Instead it seems to be giving a beautiful image of what a true female helper looks like. The word helper in Genesis 2:18 often gives us visions of piles of clean laundry and dirty dishes. That is nowhere near accurate. In fact, the same word is used more often in the Bible to describe God himself. Women as helpers is not a subordinate role, but an equal, essential one. And in the case of the battle in Judges 4, it meant life or death.
So does the Bible imply a prohibition to female superheroes? Not at all. Like K. B. Hoyle said so well, “They must know they can be agents of change—that their voices are as loud and as true, their strength and dedication just as valued and valuable, as their male counterparts.” Amen!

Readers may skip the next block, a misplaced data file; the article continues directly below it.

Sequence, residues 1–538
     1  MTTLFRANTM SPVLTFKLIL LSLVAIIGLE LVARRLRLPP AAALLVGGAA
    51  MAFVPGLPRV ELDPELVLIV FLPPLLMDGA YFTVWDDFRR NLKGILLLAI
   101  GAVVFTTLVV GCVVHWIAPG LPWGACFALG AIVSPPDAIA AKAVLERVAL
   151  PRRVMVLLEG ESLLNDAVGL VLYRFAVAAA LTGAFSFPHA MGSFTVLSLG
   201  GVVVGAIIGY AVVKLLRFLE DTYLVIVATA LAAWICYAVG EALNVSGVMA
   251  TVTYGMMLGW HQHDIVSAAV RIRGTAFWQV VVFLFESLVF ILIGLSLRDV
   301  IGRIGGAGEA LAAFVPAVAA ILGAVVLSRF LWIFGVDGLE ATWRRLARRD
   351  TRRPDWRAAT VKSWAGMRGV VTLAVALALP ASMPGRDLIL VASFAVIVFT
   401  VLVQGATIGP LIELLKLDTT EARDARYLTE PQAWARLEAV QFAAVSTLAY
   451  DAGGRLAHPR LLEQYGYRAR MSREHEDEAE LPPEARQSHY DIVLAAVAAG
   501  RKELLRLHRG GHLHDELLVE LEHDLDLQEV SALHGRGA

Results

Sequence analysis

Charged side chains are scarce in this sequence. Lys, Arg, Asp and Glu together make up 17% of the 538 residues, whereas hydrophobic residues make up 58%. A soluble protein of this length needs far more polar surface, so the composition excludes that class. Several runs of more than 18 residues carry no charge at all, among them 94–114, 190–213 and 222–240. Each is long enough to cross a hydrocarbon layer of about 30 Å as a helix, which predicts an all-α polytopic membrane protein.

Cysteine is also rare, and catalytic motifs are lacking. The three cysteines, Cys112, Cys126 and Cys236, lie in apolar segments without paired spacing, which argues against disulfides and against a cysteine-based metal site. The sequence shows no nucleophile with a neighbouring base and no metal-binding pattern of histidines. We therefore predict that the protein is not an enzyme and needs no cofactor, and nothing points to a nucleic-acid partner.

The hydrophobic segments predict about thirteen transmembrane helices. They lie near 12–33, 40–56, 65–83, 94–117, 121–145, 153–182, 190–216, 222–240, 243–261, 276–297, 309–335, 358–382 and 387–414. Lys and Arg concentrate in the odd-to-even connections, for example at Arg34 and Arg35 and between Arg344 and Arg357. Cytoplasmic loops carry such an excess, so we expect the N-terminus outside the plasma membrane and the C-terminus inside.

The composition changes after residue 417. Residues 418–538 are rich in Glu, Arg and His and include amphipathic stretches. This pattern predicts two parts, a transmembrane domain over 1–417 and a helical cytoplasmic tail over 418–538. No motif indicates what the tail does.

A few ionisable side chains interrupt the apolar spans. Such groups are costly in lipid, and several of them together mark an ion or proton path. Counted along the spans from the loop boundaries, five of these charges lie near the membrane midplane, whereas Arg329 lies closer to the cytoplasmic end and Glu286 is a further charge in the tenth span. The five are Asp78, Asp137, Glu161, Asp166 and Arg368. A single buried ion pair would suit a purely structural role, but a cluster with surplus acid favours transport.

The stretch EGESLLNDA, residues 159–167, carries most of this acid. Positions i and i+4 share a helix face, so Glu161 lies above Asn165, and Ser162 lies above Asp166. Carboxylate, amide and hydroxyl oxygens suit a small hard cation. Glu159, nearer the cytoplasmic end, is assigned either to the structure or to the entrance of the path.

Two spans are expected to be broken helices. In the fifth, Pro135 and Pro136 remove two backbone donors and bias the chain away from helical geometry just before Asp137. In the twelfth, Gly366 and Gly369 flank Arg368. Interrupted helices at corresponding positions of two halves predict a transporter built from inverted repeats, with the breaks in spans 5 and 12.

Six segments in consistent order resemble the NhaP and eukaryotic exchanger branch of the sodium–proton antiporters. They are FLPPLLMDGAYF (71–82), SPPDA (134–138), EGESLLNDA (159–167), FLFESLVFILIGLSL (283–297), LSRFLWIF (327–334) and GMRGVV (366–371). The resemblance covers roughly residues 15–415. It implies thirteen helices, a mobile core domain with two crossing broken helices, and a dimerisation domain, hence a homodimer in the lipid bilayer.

My father, a black belt in kung fu, drilled women’s self-defense into me as a child knowing the world we live in is not safe and that he wouldn’t always be there to protect me. We absolutely can have strong, female superheroes in our stories who embody real femininity and complement their male counterparts.
But should those heroes be on the front lines of war? Believe it not, that is an entirely different question and one of the biggest reasons we need more nuance in order to have this conversation. From what I’m seeing in scripture, not in most cases. (Although there may be extenuating circumstances in which this may not be avoidable depending on the demands of the story.)
Since women fighting in war, and possibly even being drafted into combat units, is a reality of our often extreme feminist society, I would have to agree with Morse that this is not something to be encouraged. His concern that this could lead to weaker and more passive men is not unfounded. Barak’s cowardice is as old as Adam’s sin in the garden, and we still see it today.